• Applies for/if:
    • Oak versions prior to 1.2.15 / 1.4.2
    • The counter index /oak:index/counter
  • Symptoms:
    • Oak query engine resolves a query to a slow index
  • How to Verify:
  • How to Resolve:
    • Upgrade Oak to 1.2.15+ / 1.4.2+ and re-index the counter index
    • Temporary workaround:
      Manually adjust definition for [oak:queryIndexDefinition]@entryCount for the "better" index 
      1. The entryCount must be low enough so it's picked as the best index; Typically 100 - 1000 is sufficient
      2. The effect of entryCount can be reviewed using Explain Query; execute the previously slow query and verify the "better" index is used
      3. When this index is re-indexed, remove the entryCount property to allow for the correct entry count resolution
      4. As an alternative, change the entryCount to a very large value for the index that was picked by mistake (for example the nodeType index). 

Lucene Index Binary is Missing

  • Applies for/if:
  • Symptoms:
    • Lucene index does not contain expected results
  • How to Verify:
    • The error log file contains an exception saying a binary of the Lucene index is missing
  • How to Resolve:
    • Perform a traversing repository check; for example:
      traversing the repository determines if other binaries (besides lucene files) are missing
    • If binaries other than lucene indexes are missing, restore from backup
    • Otherwise, re-index all lucene indexes
    • Note:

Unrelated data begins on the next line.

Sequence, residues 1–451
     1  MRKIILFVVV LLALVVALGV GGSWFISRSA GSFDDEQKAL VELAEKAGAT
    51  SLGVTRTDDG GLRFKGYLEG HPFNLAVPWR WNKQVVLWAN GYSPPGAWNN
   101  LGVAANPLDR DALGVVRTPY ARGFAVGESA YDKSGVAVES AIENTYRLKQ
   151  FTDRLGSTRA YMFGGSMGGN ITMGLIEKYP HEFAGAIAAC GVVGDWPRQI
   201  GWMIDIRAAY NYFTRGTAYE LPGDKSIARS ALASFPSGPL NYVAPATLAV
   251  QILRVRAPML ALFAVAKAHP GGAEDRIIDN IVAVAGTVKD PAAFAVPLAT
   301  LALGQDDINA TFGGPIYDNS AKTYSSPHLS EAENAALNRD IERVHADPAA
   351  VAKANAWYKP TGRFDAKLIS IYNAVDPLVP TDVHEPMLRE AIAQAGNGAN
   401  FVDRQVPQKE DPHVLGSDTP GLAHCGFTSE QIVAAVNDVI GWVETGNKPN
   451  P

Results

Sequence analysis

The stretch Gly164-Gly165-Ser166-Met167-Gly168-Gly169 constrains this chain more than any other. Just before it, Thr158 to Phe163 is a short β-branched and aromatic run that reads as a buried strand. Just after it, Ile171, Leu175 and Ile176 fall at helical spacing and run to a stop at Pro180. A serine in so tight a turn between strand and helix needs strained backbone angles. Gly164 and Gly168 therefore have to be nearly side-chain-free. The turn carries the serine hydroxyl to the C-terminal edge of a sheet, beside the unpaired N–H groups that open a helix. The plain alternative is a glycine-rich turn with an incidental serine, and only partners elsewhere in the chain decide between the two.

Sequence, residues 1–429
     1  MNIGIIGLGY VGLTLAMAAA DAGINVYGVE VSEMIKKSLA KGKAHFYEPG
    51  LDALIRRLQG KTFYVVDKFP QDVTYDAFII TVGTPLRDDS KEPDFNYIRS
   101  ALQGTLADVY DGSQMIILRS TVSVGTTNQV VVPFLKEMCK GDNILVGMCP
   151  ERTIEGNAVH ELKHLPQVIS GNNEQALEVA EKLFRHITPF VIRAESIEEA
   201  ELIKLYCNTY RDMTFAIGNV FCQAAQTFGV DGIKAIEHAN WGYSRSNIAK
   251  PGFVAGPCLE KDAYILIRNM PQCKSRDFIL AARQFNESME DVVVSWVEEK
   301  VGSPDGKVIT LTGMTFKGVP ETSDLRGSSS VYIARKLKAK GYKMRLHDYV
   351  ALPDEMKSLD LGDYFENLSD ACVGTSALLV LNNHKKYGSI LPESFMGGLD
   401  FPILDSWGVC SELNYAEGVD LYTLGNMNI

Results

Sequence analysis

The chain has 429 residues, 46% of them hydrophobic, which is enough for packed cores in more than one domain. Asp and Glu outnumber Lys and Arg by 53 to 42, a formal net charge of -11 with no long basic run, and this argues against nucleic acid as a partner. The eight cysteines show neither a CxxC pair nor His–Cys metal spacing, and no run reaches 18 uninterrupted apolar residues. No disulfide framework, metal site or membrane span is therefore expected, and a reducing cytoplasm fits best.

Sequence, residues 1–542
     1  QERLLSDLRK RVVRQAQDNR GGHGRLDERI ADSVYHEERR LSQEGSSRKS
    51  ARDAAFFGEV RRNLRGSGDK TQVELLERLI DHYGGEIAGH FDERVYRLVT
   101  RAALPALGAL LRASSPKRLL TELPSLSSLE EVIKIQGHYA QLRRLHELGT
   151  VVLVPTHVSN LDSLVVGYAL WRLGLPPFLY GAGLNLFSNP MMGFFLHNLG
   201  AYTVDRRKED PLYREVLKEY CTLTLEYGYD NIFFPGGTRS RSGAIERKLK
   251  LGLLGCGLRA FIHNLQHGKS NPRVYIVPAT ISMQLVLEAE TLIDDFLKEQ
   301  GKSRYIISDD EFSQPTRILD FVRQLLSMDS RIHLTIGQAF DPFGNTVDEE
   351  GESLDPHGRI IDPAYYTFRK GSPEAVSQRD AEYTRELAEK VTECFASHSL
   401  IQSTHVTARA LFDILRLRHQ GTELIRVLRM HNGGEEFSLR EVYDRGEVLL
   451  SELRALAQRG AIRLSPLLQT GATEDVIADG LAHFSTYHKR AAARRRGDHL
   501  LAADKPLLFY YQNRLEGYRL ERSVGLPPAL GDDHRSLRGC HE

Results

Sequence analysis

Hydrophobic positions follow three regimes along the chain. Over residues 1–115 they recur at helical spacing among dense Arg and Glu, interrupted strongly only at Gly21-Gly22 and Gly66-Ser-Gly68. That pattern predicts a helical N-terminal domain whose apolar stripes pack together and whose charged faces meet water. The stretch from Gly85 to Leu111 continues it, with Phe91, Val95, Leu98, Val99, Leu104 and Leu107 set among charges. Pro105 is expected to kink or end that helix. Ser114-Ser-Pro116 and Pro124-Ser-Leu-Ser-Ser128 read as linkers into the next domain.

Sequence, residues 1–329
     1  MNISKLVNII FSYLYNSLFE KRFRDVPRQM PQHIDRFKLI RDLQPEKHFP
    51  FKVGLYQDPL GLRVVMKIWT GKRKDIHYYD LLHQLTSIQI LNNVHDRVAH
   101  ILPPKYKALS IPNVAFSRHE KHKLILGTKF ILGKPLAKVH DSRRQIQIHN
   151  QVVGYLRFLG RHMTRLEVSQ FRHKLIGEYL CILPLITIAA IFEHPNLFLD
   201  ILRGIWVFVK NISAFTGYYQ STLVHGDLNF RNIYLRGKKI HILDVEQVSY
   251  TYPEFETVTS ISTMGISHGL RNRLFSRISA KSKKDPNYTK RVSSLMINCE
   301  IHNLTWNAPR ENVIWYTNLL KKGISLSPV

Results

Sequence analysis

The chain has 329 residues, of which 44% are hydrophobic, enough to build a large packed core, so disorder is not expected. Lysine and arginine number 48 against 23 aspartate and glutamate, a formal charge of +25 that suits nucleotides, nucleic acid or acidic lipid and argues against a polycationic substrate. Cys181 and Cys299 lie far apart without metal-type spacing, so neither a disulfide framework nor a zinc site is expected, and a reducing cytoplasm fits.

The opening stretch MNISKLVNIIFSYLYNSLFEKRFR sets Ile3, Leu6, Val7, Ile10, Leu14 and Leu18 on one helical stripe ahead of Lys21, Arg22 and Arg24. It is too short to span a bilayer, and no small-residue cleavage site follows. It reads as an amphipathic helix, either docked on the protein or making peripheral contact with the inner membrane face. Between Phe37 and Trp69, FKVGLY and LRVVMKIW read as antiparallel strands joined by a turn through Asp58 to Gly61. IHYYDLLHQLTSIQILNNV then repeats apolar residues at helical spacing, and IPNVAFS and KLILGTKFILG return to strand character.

This condition is indicative of a misconfigured datastore that may result in ANY binary (eg. assets binaries) to go missing.
      In this case, restore to the last known good version of the repository to recover all missing binaries.

Lucene Index Binary is Corrupt

  • Applies for/if:
  • Symptoms:
    • Lucene index does not contain expected results
  • How to Verify:
    • The AsyncIndexUpdate (every 5s) will fail with an exception in the error.log:
       ...a Lucene index file is corrupt...
  • How to Resolve:
    • Remove the local copy of the lucene index
      1. Stop AEM
      2. Delete the local copy of the lucene index at crx-quickstart/repository/index
      3. Restart AEM
    • If this does not resolve the issue, and the AsyncIndexUpdate exceptions persist then:
      1. Re-index the erring index
      2. Also file an Adobe Support ticket

Indexes Missing Content Created During Large Transactions

  • Applies for/if:
    • MongoMK / RDBMK ONLY
    • Oak versions prior to 1.2.24 / 1.4.13
  • Symptoms:
    • Query results missing content that was created/modified as part of a large (100s+ node) transactions
  • How to Verify:
    • Assuming it is known the missing content was created/modified during large transactions, run a query that uses the index and should return the content. If the query returns the wrong data, follow the resolution steps.
  • How to Resolve:
    1. Upgrade to Oak 1.2.24+ / 1.4.13+
    2. Re-index the erring index

Indexes/Index Customizations Missing After Partial Side-Grade

  • Applies for/if:
  • Symptoms:
    • Index does not contain expected results
  • How to Verify:
    • Verify a partial side-grade (content migration via oak-upgrade) took place from a source AEM running an Oak version prior to 1.4.7
  • How to Resolve:

How to Re-index

Re-indexing Property indexes

Re-indexing Lucene Property indexes